|Trinity Lutheran Seminary|
I was in a non-traditional situation. Most students spent their third of four years at an internship site. Due to personal decisions, employment, and summer classes my final year of seminary education was my internship year. To my benefit these unique circumstances provided me with an exceptional supervisor. My year exploring the daily practice of pastoral ministry was mentored by Rev. Vernon D. Bigalk.
Individuals whom positively impacted my adult life and vocational options can be counted on one hand. Vern and his spouse (Karen
) inhabit a significant portion of that space. Vern's hospitality and willingness to listen instantaneously etched my initial impressions of our year together.
Shortly after arriving in Richmond IN, I was invited to the Bigalk residence to meet the family and share a meal. It was verbally stated and non-verbally conveyed that I was not only welcomed, but expected to be a part of their home and family. It was not a restrictive demand. Instead it was a gracious invitation. During my first week settling into the eastern Indiana city, Karen arranged a date with their recent house guest. Brenda, beginning an internship at a Holistic Health Retreat Center near Earlham College, needed a room for the weekend. Brenda's supervisor knew the Bigalk family well. Open doors and open arms were a Bigalk hallmark. One date led me on an unknown path. Karen's desire to have Brenda enjoy a night out of the house developed into a marriage relationship which continues today.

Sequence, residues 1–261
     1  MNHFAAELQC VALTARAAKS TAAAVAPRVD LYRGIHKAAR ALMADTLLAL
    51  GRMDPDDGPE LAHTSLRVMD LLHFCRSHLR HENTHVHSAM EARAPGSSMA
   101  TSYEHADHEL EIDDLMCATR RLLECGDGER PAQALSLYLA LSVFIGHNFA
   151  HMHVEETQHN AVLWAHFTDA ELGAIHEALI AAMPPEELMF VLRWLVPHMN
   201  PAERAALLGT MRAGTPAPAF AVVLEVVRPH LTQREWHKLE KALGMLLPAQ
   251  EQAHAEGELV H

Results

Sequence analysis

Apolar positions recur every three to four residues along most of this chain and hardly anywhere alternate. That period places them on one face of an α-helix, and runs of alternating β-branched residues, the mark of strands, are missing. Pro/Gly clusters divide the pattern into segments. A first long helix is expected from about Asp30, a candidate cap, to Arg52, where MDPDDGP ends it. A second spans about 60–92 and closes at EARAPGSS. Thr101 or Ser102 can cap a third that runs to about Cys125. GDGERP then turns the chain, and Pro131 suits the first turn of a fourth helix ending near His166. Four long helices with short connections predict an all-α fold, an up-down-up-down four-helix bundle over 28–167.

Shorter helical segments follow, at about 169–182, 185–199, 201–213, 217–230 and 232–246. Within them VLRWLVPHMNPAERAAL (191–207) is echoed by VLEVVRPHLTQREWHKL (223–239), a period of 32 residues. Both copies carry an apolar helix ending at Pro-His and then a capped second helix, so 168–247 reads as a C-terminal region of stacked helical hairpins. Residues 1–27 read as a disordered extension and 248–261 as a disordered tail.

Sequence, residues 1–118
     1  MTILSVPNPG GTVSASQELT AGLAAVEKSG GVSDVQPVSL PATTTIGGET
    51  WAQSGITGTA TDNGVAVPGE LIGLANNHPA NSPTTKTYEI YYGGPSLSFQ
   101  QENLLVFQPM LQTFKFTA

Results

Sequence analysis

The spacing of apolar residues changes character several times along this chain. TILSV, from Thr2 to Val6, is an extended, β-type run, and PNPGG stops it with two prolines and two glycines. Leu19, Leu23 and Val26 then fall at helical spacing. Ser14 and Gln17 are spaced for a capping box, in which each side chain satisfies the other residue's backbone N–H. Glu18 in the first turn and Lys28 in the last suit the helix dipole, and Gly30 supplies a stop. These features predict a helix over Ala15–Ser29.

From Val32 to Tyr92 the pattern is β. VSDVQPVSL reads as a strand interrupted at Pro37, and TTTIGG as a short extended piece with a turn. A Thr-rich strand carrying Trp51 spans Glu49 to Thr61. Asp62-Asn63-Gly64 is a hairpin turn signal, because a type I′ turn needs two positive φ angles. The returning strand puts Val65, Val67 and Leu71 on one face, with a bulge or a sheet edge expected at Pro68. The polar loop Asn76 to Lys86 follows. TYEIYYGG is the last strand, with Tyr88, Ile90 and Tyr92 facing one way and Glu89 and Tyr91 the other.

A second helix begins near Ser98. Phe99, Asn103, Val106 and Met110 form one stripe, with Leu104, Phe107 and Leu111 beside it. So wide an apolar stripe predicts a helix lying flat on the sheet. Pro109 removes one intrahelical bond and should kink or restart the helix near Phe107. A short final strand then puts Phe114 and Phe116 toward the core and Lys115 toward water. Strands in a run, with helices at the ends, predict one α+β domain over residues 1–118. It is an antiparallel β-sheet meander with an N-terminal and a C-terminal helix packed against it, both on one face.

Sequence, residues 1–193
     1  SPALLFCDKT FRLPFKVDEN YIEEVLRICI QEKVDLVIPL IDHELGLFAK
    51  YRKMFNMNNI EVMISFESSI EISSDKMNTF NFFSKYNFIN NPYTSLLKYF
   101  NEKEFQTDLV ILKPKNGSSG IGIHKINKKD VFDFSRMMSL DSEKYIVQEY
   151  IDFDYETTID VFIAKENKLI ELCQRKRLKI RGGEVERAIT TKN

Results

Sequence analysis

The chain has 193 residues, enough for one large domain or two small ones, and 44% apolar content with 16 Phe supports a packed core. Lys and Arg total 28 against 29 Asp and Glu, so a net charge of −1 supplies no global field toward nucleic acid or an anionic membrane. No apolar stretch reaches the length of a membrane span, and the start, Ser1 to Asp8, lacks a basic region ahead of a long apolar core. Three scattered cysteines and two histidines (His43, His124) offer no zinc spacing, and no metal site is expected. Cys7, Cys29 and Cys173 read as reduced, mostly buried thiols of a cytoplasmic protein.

Vern's ability and desire to listen was well known in the area. He provided pastoral care to anyone, at
anyplace, at anytime. While being a tremendous asset, it also demanded great energy emotionally and spiritually. Vern's body and spirit were strained under this burden of pastoral care. After time away from congregational leadership, along with the support and care of his family, Vern returned to pastoral ministry. These wounds were deep, but not debilitating. His skills for listening and understanding were enhanced by his lived reality. His broad smile and deep laugh were more readily displayed than in previous years.
Over the decades our relationship deepened, as well. Sharing brokenness and grace, strength and turmoil, good laughter and copious tears, and an overall grace-filled outlook on life became foundational. Vern and Karen marvelously handled the request of Brenda and I to provide a renewal of vows marking our 10th Anniversary of marriage. Seeing that they started our relationship we wanted their boost to continue the complex, challenging, and satisfying relationship of marriage.
One thing I did not understand initially was Vern's decision to no longer be an active pastor. His gifts and skills in pastoral care and preaching were shared on a part-time or as needed basis even though he was "officially"
retired. This abrupt decision baffled me. A person with so much insight, grace, hospitality, and humility said, "No more." During the past months I have come to not only gain more understanding, but more appreciation for his decision. There is a time to "lay down the mantle", to allow others to lead as they see fit. What was important and significant in the past does not necessarily apply to the present. It is also an act of grace and respect to allow others to respond with their gifts and skills to address the current setting. Vern had a keen sense of his value and his gifts, but he knew it was appropriate to step aside and embrace a calmer, grace-filled life.
I had a small part in the Prayer Service following his visitation. It was enough. The connection with his children and their families, the renewal of relationships, no matter how brief was deeply important.
|Vern and Karen|
Vernon D. Bigalk. It is a name easy to mispronounce. However for myself, is is much more than a name!